Dana Stutzman: That contract that the parties agreed to contains salary information, benefit information, start date, but also frequently will contain noncompete provisions. More generically, I’ll sometimes use them interchangeably when I say noncompete and restrictive covenant provisions. They’re similar but not exactly the same, so for purpose of the podcast, I’ll use them kind of back and forth interchangeably.
Dana Stutzman: But noncompete specifically talks to a restriction on the ability to compete. They’re also often go hand in hand with that non-solicitation provisions, meaning you, physician, cannot solicit our patients or our clients after you leave. And also, you cannot solicit our employees after you leave. So, those are additional restrictive covenants that would be kind of tucked into an overall restrictive covenant provision of a contract. And then there’s also confidentiality provisions in there as well that say you’re not going to take our confidential patient information, our addresses, and that kind of stuff.
Dana Stutzman: So, those things often will get incorporated into a contract. Employer, employee, everybody’s aware that the restrictions are in the contract, right? It’s not like they’re printed off in invisible ink or anything like that. Contract gets signed. Physician will then work for some period of time. Maybe, it’s a matter of months. Maybe, it’s a matter of years or multiples of years. In that timeframe, the physician will accept the salary that’s promised, the benefits it’s promised, CME dollars, additional training. Perhaps, there’s tuition assistance or loan forgiveness type of benefits that are provided. So, the physician receives those benefits and then for whatever reason, will decide to quit their practice at that particular employer and move on.
Dana Stutzman: Again, in this example, I’m talking about what happens at that point is that the physician will open up shop within the restricted area or the physician will go to work for a competitor, a competing hospital, a competing physician practice group within the restricted area. And sometimes, the physician will go so far as to solicit former colleagues and patients to try and jump ship and come over to wherever the physician ultimately lands. At that point, the employer, again, hospital, physician practice group, cry foul because the physician is in breach and is violating the terms of the contract and is infringing on what the courts will call the employer’s goodwill, right, and we’ll talk about that in a minute.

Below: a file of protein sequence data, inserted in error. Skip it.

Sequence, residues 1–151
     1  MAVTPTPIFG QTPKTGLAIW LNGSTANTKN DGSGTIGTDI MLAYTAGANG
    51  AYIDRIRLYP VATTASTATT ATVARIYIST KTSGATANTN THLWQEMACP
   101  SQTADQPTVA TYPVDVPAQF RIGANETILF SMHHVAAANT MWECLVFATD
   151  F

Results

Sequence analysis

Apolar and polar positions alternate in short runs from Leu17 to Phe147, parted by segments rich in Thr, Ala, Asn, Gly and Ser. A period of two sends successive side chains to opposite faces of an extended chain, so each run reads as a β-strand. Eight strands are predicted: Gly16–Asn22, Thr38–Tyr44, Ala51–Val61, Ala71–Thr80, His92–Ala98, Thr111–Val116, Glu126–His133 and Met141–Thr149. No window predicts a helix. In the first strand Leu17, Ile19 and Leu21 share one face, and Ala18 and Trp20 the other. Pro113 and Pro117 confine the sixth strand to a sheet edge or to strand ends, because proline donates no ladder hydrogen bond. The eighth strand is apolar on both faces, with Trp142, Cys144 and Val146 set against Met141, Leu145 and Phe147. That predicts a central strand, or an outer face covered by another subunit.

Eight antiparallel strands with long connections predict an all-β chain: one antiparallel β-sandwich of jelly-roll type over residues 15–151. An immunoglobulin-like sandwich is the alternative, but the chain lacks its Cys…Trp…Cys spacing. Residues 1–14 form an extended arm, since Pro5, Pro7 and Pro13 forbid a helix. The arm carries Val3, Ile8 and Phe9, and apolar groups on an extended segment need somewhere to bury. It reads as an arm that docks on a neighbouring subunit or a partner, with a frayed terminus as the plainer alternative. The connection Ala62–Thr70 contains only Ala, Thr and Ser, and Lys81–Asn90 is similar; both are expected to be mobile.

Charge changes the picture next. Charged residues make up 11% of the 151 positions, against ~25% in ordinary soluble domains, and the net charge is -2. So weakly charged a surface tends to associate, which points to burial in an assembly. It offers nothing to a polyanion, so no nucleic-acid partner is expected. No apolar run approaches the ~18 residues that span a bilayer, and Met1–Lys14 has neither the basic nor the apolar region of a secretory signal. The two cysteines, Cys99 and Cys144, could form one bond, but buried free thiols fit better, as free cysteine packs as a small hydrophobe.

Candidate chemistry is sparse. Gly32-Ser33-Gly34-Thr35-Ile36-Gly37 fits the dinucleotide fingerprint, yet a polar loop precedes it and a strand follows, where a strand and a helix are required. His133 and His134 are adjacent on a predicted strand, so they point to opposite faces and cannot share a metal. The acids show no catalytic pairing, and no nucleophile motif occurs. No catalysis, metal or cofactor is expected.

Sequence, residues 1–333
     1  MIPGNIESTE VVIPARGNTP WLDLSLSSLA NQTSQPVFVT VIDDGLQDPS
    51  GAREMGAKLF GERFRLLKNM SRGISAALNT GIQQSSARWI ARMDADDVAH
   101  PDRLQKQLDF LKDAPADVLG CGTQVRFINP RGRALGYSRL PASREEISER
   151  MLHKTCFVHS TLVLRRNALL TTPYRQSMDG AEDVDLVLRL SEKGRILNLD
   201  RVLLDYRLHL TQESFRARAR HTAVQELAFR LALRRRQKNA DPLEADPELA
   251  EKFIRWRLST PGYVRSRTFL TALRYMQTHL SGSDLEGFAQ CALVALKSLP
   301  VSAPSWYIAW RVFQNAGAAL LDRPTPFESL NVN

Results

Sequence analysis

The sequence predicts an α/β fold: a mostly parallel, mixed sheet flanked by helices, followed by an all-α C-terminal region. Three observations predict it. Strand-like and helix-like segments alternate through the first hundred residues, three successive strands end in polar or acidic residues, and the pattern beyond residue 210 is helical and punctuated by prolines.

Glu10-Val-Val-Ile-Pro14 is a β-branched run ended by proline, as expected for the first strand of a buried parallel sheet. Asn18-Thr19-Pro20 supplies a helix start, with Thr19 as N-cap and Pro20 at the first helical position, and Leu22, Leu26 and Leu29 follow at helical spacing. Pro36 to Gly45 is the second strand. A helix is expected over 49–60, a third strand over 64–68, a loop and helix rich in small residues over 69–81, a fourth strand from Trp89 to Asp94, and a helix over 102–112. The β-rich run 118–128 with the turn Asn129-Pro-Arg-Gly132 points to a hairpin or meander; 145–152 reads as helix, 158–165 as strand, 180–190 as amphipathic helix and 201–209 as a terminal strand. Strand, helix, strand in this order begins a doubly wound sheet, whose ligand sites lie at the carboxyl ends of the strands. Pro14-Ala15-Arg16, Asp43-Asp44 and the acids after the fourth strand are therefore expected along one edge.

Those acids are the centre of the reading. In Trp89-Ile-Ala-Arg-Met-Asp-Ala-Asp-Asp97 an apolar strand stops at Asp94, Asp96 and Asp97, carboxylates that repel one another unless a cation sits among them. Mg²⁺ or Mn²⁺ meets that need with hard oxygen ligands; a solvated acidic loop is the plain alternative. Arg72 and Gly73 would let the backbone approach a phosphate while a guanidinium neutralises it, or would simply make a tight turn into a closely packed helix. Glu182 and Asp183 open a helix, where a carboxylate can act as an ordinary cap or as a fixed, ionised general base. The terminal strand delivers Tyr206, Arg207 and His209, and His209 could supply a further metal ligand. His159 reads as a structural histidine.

Dana Stutzman: And so sometimes, when that happens, the contract has a buyout clause that says, “Well, physician, if you want to ‘buy’ your way out of this noncompete clause, then you have to pay us, the employer, a certain amount of money,” right? In those instances, if it turns into a lawsuit, it’s because the physician is arguably in violation of the restrictions in the contract and is also refusing to pay the buyout clause, right? So, that’s kind of in a nutshell what a typical physician noncompete dispute and lawsuit looks like.